Not a Conventionally Constructed Novel
The story of the novel is not related in a chronological order. The book begins on the 7th April, 1928 but in the second chapter Faulkner flashes back to the year 1910. Faulkner undoubtedly had his reasons for ignoring chronology. By rejecting the normative power of time, he gained something else-psychological depth and unique perspective. Thus the first chapter is seen from the point of view of an idiot and from the most hidden and unreachable layers of consciousness ; the last chapter from the normal point of view of a realistically thinking person. In this way Faulkner, through his arrangement of scenes, indicates the gradual succession of layers of consciousness and condemns, or accepts, the scale of values of civilization. The four sections of the book bear the following dates : 7th April, 1928 ; 2nd June, 1910 ; 6th April, 1928 ; and 8th April, 1928. We are warned, in this way, that we can look forward neither to a traditional plot nor to a conventionally composed novel.
The Tragic Fate of a Family
The book opens with Benjy, the idiot. Through his utter helplessness, he subjects the family to his service. Pity becomes its own victim. Where’ domination of and by the sick exists, even health is no longer health. In this universe of mere “sound” and of “fury”, nothing, indeed, survives. Life itself is only a dream, only a disease leading toward death. Around Benjy the tragic fate of the Compsons circles ; with Benjy it ends. In 1933, he is admitted to the State Asylum at Jackson, Mississippi, after his family as such has ceased to exist.
The Theme of Castration or Emasculation
The first scene is written from Benjy’s point of view or rather it is written in a distorted fashion because an idiot, with whom the author practically identifies himself, can have no “point” from which he may “view” the world. Thus the opening section is almost unintelligible. Only after the monologues set in italics and after a dialogue between Mother and Uncle Maury does the reader slowly become aware of the idiot’s position in the developing and highly symbolic fable. The book opens with Luster looking for a quarter he has lost, and a couple of boys looking for one of the balls on the golf-course. The significance of the ball-symbols in the face of Benjy’s sex problems becomes oppressive. To prevent him from doing any damage to the public, Benjy is castrated. Quentin’s emasculation takes the from of a decision by him to commit suicide, a decision which he takes before he is accused of the kidnapping of a little girl–a sex crime which he has in fact not committed. This accusation has a parallel in Quentin’s mind : be suffers from the notion that he has committed incest with his sister Caddy. The survivors are Jason and Benjy, the, two youngest members of the family. Jason, the pragmatist, survives indeed, but in the end he forms a relationship with a dubious person and thus he also comes to the dead end of infertility, of emasculation and to the end of the history of a family.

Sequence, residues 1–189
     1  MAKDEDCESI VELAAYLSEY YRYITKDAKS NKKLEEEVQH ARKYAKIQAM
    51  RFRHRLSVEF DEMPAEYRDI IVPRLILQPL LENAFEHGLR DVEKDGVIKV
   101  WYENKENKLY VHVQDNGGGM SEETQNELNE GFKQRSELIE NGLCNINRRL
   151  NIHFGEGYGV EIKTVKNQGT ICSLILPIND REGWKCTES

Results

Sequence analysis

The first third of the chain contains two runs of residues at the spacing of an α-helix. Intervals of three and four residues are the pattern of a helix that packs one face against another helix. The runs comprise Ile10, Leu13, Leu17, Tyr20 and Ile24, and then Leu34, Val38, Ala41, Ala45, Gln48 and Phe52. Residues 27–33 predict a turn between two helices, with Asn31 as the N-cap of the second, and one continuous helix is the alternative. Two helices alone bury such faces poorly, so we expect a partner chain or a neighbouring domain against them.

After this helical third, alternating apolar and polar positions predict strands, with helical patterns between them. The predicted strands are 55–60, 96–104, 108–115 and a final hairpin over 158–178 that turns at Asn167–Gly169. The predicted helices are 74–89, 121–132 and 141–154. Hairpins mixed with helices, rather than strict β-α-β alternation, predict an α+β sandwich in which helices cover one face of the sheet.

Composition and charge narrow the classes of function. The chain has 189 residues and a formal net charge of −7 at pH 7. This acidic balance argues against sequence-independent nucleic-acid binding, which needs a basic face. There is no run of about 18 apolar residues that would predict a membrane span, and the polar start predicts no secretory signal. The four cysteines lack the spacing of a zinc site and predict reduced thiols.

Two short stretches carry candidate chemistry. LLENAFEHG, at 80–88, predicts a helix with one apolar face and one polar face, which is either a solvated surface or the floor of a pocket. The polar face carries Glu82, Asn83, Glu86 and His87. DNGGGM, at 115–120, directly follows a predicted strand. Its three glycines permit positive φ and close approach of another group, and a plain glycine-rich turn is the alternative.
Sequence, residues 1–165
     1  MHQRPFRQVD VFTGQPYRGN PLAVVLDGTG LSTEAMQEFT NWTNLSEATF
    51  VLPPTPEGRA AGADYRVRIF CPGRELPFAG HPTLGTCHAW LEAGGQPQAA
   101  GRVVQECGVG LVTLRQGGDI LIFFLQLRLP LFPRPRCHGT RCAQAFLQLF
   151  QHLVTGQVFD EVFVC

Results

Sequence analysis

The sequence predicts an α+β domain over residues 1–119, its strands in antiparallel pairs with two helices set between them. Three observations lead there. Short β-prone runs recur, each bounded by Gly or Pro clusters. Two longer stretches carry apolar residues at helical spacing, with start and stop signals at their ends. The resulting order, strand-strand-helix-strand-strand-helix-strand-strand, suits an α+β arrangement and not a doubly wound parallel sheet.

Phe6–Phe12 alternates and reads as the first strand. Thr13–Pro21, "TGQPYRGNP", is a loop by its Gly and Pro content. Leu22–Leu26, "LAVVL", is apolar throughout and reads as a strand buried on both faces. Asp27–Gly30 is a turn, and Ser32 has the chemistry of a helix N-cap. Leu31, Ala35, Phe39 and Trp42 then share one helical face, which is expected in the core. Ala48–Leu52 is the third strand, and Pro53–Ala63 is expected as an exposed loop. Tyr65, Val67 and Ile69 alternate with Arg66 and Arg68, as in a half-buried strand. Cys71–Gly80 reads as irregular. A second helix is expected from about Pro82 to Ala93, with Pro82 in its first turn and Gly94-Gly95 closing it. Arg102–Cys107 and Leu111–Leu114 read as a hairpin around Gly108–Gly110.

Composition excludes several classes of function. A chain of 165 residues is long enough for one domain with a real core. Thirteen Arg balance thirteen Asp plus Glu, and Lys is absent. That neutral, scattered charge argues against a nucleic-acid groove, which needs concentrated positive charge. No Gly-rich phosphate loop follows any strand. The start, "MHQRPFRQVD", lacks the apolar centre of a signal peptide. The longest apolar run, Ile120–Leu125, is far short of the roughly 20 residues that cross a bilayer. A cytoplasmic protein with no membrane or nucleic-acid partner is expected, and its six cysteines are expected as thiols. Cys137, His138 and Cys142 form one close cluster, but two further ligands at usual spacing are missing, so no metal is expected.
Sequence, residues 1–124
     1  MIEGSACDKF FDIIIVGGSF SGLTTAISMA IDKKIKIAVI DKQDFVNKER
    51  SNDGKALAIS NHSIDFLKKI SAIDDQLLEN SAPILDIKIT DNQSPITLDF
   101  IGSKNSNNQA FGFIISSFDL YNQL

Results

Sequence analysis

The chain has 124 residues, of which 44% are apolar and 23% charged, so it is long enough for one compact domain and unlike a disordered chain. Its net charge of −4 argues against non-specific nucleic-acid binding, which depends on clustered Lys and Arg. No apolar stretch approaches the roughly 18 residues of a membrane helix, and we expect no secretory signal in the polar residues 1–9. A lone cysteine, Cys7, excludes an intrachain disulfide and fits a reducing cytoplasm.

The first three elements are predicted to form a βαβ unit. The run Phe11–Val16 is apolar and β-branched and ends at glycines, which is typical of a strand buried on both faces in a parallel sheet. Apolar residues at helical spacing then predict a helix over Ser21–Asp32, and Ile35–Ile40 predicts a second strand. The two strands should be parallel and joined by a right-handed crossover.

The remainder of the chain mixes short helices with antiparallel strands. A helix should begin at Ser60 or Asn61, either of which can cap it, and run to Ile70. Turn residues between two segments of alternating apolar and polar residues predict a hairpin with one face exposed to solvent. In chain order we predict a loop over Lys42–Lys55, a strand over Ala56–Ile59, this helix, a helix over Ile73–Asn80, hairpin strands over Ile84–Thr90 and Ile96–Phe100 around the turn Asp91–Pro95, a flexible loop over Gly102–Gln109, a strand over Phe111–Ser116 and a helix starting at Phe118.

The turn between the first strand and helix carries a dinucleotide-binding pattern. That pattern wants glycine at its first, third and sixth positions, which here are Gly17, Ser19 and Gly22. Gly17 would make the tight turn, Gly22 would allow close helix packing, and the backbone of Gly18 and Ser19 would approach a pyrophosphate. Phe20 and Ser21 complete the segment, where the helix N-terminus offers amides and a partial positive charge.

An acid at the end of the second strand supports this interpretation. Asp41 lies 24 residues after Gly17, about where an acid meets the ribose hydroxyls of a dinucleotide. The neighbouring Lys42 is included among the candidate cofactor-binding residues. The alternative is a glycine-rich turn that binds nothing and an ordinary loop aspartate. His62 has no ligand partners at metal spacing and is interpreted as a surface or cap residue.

The Story as a Parable
Benjy is thirty-three years old on the 8th April, 1928. It is Easter. Good Friday. Holy Saturday, and. Easter Sunday conclude the tragedy. Perhaps, however, Faulkner’s novel is not a tragedy in the Greek sense of the word but a parable taken from the world of in the dating of the events is not accidental ; and beyond “fury” and “sound”, beyond death and decline, beyond disease and decay some hope at least remains. Benjy, the youngest, the mere unreasonable creature, more beastly than any beast, is castrated ; thus he is, in a sense, killed, crucified ; in his deformity ‘he takes upon himself the total suffering and misery of creation. `Faulkner took up this theme again, quite consciously and deliberately, in his late work A Fable, where Christ walks on earth in the person of a French corporal. Benjy, the idiot, the suffering, helpless, but God-created creature may, then, be regarded as the parable of Jesus reborn in the Deep South at the time of its fall.
A Psychic Penetration of Characters
Both the orthodox Christian and the orthodox literary critic will, of course, reject this meaning and the literary form that it takes with Faulkner. The neutral reader must, however, accept Faulkner and must also subject himself to monologues and stream-of-consciousness constructions and expressionistic paraphrases set in italics ; he must learn to read in the three dimensions of time, independent of the mechanical chronology. Faulkner is interested only in the psychic penetration of his characters. He throws his light from behind the person as well as from in front so that the spectator receives it full in the face or is even blinded by it For long stretches he shows only schemes, shadows of persons, as in the decaying white society in the Deep South. It is a macabre picture. Even the obscurity of certain passages in this novel is intentional.
The Portrayal of the Negroes